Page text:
• To encourage treatment compliance with parents who are infected with HIV and AIDS and who have children who are infected as well.
  • To improve parents’ awareness of, and ability to respond to, the needs of their older children.
  • Where mothers have returned to work, to home visit the caregiver and promote sensitive and attuned infant care.
  • To network with all relevant parties involved in the community in order to continue to provide a viable and appropriate service.

‘The most important factor in a child’s healthy development is at least one strong relationship (attachment) with a caring adult who values the well-being of the child.’ (Engle et al, 1997).

Areas of Operation

The Parent-Infant Intervention Home Visiting Programme is implemented in the following eleven communities in the broader Cape Town area: Khayelitsha, Phillipi, Heideveld, Hanover Park, Retreat, Imizamo Yethu, Hangberg, Mitchells Plain, Gugulethu, Bonteheuwel and Nyanga. These indigent communities (all programmes of the Parent Centre operate in indigent communities) are riddled with crime, high levels of abuse, neglect and abandonment of children, gender-based violence, poverty and generally neglected communities. Cape Town is known as a city where gang violence is rife, often holding residents in communities hostage in their own homes during violent outbreaks. This type of violence often occurs unexpectedly, but quite regularly. Despite these challenges, including the long, wet, windy and very cold winter months, the home-based visitors continue to conduct their work with passion, commitment and dedication, wanting to make a difference in their clients’ lives.

Importance of Home Visiting

Research has shown that the importance of home visits acting as a preventative measure against issues such as domestic violence, child abuse and neglect and the healthy development of children cannot be overemphasised. Entering a parent’s home enables the home-based visitor to observe the family in their natural environment, which is a great opportunity to impact on the family as a whole (e.g. interaction between mother and baby; mother and other siblings; mother and partner/spouse; mother and extended family; mother and neighbourhood, and mother and broader community). The home visitors are, therefore, able to act as frontline workers in the fight to keep families together by imparting skills and knowledge to parents regarding their parenting style, relationship issues, linking the family to much needed poverty alleviation resources in the community and, importantly, acting as an advocate for the rights of women and children.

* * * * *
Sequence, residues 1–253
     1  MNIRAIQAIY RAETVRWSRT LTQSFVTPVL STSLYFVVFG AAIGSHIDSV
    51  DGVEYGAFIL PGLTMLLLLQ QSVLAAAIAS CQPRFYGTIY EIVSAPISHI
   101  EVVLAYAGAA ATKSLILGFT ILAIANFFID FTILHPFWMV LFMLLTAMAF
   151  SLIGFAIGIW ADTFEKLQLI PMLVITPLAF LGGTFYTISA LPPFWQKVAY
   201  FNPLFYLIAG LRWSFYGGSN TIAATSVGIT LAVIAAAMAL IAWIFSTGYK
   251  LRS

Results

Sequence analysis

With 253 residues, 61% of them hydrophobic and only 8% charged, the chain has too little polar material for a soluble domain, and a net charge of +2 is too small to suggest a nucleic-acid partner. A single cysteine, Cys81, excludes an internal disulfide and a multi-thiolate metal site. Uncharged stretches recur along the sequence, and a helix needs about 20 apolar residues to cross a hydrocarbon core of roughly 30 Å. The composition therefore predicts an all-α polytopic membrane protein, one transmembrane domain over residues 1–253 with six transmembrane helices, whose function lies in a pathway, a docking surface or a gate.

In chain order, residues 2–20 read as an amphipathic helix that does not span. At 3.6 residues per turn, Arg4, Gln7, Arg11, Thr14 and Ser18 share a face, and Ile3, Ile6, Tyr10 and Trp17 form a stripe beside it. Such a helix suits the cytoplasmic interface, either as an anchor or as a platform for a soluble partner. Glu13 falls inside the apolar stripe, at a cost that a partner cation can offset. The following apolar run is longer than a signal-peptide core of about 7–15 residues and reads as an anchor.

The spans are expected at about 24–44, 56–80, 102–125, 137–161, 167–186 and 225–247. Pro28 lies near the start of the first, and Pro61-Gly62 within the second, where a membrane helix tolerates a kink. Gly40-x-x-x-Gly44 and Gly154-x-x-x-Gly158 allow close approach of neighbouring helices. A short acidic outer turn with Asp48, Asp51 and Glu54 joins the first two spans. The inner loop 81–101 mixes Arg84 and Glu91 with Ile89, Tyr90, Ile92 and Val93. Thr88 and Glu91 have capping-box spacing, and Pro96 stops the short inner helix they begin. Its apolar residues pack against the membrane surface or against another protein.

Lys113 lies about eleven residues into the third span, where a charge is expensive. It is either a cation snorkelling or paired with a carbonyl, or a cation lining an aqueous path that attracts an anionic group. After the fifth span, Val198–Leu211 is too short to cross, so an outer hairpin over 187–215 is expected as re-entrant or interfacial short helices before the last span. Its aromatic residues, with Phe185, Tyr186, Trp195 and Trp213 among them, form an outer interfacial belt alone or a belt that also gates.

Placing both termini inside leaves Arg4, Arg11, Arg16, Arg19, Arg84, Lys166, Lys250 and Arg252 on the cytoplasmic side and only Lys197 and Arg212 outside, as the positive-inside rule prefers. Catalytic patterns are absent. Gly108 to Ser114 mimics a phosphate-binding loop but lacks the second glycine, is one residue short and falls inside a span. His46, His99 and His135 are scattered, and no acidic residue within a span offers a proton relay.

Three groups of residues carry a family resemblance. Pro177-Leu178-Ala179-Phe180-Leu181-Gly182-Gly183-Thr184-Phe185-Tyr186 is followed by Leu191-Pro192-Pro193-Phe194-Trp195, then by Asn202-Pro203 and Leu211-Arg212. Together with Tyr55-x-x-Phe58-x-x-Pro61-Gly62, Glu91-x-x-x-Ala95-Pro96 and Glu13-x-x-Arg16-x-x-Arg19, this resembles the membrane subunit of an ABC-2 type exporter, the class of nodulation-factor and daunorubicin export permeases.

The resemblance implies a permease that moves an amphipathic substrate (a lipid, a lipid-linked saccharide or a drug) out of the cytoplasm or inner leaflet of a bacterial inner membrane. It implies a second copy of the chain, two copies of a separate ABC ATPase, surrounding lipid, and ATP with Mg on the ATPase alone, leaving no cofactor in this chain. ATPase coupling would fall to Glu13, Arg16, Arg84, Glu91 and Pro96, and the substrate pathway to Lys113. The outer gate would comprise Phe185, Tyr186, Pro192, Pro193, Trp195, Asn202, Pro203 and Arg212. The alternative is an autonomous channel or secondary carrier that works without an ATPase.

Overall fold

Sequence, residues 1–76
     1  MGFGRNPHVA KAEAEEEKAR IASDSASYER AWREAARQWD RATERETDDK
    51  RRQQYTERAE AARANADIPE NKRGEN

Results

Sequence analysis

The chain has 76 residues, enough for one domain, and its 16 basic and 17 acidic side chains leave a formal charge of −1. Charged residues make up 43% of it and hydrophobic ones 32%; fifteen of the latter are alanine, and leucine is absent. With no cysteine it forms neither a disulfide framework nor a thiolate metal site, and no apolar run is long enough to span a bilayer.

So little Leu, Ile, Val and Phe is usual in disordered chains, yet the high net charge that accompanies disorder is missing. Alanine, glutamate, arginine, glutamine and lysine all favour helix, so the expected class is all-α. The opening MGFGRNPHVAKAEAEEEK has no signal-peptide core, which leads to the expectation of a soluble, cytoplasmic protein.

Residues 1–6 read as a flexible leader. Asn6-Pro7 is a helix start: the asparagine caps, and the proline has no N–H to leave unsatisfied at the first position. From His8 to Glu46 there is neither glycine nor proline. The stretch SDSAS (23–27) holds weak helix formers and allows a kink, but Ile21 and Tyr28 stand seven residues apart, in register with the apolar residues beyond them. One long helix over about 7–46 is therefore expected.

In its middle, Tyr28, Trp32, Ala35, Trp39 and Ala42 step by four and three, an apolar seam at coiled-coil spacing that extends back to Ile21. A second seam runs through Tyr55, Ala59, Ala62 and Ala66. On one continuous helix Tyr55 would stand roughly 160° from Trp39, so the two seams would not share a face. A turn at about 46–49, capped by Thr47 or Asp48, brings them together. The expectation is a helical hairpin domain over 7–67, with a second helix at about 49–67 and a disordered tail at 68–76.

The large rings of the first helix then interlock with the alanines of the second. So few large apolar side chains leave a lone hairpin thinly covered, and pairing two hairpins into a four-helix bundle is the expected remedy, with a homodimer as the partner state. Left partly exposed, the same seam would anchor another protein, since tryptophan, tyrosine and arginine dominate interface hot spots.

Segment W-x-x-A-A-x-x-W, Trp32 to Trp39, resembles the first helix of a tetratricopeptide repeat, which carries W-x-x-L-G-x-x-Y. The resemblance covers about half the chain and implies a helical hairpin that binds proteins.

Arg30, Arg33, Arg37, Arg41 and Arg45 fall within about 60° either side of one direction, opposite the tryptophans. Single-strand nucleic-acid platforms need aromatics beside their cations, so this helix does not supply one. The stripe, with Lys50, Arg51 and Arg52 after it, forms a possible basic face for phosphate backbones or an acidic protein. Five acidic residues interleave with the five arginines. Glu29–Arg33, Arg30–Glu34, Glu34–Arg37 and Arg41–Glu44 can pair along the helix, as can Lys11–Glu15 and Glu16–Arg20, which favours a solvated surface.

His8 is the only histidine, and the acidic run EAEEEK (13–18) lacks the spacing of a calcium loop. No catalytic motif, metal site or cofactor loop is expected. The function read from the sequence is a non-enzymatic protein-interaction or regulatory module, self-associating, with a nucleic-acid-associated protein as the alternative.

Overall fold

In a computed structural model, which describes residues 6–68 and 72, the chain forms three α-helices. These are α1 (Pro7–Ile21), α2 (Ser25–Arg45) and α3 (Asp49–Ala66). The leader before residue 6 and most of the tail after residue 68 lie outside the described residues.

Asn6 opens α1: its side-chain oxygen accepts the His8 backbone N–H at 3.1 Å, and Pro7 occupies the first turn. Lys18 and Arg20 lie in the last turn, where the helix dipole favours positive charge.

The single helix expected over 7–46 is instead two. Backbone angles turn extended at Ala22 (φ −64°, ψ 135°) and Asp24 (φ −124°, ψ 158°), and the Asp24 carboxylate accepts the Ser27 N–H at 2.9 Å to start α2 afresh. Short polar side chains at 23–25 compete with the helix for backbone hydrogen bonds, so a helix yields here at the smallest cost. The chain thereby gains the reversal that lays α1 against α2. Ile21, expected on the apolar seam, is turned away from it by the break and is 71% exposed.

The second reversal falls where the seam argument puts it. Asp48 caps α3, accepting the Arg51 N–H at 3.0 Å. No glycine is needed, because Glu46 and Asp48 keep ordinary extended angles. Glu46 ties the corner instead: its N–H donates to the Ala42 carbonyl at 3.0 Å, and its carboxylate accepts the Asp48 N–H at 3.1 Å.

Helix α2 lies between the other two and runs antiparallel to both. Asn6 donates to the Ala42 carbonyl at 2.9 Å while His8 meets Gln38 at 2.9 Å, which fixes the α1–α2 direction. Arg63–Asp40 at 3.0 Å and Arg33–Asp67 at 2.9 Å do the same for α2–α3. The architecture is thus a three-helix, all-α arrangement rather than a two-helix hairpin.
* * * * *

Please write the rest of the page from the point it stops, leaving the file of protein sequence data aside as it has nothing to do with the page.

Each session comprises of a time to check in with the mother (how she and baby are doing and what is currently happening in her life – mothers usually share quite a lot with the home-based visitor during this time; this is followed by an opportunity by the home-based visitor to provide some specialist input regarding the stage of mother’s pregnancy or the development of the baby, if the baby is already born). The session is concluded by making a follow-up appointment and planning for the next visit.

Home-based Visitor

Who is the Home-based Visitor?

The home-based visitors who implement the programme are women living in the same community where home visits are being conducted. Before joining the Parent Centre, the home-based visitor has generally experienced poverty, was unemployed and does not have post-school qualifications. The home-based visitor possesses the aptitude, passion and commitment to make a difference in her community and has a special interest in the attachment and bonding between a mother and infant for the better of the community in which she lives.

Training

The home-based visitor has received 39 weeks of specialised training from the Parent Centre. This 39-week training programme equips these women with the skills they need as a home-based visitor. Each four-hour session includes: practical self-awareness exercises, positive parenting skills, counselling skills, skills to assess infant behaviour, and observation skills. Specialised workshops during the 39 weeks include: infant massage, antenatal and postnatal depression, child abuse, grief work, infant nutrition, HIV and AIDS, foetal alcohol spectrum disorder (FASD), pregnancy, labour and birth, trauma counselling, and sexuality. It also includes a continuous and rigorous screening process before, during and after the training programme, ensuring that only the best candidates make it onto the programme.

The goal to provide a high-quality intervention programme to vulnerable pregnant women in marginalised communities is further enhanced through regular in-service training sessions, as well as group supervision (once a week for three weeks of the month) and individual supervision (once a month). Home-based visitors are supervised by experienced infant-mental health practitioners comprising both social workers and psychologists.

Payment